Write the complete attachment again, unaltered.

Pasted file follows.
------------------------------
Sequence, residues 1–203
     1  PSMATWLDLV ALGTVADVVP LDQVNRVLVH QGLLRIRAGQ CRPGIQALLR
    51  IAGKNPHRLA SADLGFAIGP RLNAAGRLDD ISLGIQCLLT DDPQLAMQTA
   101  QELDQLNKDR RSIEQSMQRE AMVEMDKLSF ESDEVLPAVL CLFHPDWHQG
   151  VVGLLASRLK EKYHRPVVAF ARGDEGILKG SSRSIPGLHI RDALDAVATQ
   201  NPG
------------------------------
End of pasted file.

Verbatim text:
Sequence, residues 1–203
     1  PSMATWLDLV ALGTVADVVP LDQVNRVLVH QGLLRIRAGQ CRPGIQALLR
    51  IAGKNPHRLA SADLGFAIGP RLNAAGRLDD ISLGIQCLLT DDPQLAMQTA
   101  QELDQLNKDR RSIEQSMQRE AMVEMDKLSF ESDEVLPAVL CLFHPDWHQG
   151  VVGLLASRLK EKYHRPVVAF ARGDEGILKG SSRSIPGLHI RDALDAVATQ
   201  NPG